Creating a virtual machine in Microsoft Azure via the portal can be done very quickly. Do a few clicks, let Azure do the magic in the background, and a few minutes later, the VM is ready for use.
To get a better understanding about what it really means to create a virtual machine, and what probably needs to be considered in case not only one VM is required, I had a closer look at the result of my virtual machine creation.
As there were many aspects I found noticeable or good to know, too many for a single post I think, I created a series of posts describing the details, and this post as a kind of overview or entry point for these various topics, which leads to the detailed information.
These aspects are covered by the series:
- Resources found after Creation
- Minimum required Elements for Azure VMs
- Helpful Upfront Activities
- Creating my next Stand-alone VM
- Disk Encryption
- Stopping the VM is not sufficient to save Money
- Site Recovery
- Copy / clone a VM
- (Re-) Size of Azure Virtual Machine Disks
- Delete the VM
- Create a new VM based on the learnings
- Useful CLI Commands to start and stop a Virtual Machine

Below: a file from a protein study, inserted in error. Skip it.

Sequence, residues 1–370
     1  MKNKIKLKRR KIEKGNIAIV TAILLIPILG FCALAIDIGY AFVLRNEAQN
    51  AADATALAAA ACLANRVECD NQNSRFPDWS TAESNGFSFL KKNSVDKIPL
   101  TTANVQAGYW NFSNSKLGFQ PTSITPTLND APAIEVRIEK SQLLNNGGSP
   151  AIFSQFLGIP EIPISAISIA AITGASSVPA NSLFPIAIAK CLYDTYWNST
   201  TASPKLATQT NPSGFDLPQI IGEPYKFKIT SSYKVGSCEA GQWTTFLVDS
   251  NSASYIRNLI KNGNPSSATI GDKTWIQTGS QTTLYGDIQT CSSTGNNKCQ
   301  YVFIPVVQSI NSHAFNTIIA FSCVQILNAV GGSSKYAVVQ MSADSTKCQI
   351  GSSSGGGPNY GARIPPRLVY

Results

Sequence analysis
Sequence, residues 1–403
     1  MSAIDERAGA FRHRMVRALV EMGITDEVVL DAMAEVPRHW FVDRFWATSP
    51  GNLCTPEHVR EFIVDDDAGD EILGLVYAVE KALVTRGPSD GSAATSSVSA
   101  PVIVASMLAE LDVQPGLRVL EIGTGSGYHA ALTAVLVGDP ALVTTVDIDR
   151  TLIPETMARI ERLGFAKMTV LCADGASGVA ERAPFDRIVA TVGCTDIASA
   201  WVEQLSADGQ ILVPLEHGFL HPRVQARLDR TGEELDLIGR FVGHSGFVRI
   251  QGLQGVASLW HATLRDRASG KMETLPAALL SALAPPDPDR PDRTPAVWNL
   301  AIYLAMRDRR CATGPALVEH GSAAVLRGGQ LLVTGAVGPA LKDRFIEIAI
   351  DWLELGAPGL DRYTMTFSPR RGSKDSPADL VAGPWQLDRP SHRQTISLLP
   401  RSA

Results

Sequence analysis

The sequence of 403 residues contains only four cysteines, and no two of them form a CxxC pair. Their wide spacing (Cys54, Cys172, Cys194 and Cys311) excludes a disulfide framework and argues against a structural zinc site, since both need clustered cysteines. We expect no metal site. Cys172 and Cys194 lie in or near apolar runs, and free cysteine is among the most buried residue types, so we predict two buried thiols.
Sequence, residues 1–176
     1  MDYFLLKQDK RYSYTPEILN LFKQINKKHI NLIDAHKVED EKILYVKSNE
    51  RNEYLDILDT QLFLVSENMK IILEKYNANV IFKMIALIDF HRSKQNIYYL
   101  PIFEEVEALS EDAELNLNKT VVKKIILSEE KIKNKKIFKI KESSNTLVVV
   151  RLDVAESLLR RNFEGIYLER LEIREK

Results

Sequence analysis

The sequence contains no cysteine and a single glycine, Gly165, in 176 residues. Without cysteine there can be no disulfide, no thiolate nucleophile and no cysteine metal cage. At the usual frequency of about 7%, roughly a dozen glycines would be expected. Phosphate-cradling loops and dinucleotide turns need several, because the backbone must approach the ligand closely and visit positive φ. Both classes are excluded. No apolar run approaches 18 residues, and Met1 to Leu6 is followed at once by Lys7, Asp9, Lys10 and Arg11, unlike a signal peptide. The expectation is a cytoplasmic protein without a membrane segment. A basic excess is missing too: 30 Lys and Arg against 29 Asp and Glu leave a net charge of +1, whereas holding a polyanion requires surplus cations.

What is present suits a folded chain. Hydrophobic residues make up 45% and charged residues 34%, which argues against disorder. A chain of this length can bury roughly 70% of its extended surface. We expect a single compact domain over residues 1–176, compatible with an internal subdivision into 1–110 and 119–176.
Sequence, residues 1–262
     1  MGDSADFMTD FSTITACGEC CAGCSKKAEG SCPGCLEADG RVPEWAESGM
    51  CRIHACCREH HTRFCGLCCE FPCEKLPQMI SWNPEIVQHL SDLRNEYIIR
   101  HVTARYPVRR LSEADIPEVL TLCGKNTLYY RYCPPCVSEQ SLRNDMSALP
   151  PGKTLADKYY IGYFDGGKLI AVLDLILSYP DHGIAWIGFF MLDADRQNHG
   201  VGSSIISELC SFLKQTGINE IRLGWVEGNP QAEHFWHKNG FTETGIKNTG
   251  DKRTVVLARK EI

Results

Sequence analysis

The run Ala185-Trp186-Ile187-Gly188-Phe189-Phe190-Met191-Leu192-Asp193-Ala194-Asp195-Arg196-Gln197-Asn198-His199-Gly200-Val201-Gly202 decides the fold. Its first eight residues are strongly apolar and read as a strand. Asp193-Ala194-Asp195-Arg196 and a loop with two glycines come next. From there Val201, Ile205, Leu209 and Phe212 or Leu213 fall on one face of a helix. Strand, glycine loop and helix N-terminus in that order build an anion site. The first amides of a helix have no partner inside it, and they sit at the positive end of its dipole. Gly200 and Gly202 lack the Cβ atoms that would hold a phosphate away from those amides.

- Additional Topics
I think it is worth to note that there was no need to integrate the newly created VM into any existing environment. In fact, there were no other Azure resources created before I started the virtual machine creation.
What the Series is not about
This post series is not a guideline on how to plan, install and maintain a production environment based on Azure Virtual Machines. So in case you are looking for guidance on that, please search the Internet and / or hire a consultant.
The series does not give you all details on all features required to setup a virtual machine in Microsoft Azure. To get these, please refer to Microsoft’s documentation and all the other sources in the Internet (or books if you prefer those).
It also does not claim to cover all things one should know / need to know in all details. Probably there are things you are keen for, that I did not stumbled upon or did not found noticeable. Sorry for that, but I am almost sure someone else presents her knowledge on that in the Internet.
However, I hope nothing major is missing and you will find some useful hints and / or links.
Virtual Machine Features
Even though it was a stand-alone VM, I wanted to use it for production purposes. Therefore, it was not sufficient for me to just create a virtual machine. I also needed backup to prevent data loss, replication to be prepared for Azure location outage, and antimalware protection.
Resources found after Creation
After creating the Azure virtual machine having the features named above by just clicking in the portal, plus doing a site failover test and site failover, I ended up with an unexpected high number of resources.
In total, five resource groups, twenty-five resources (six of them hidden), and ten blob containers were created by me or Azure to setup the virtual machine. And this is the number before following the security recommendations given by the Azure Advisor.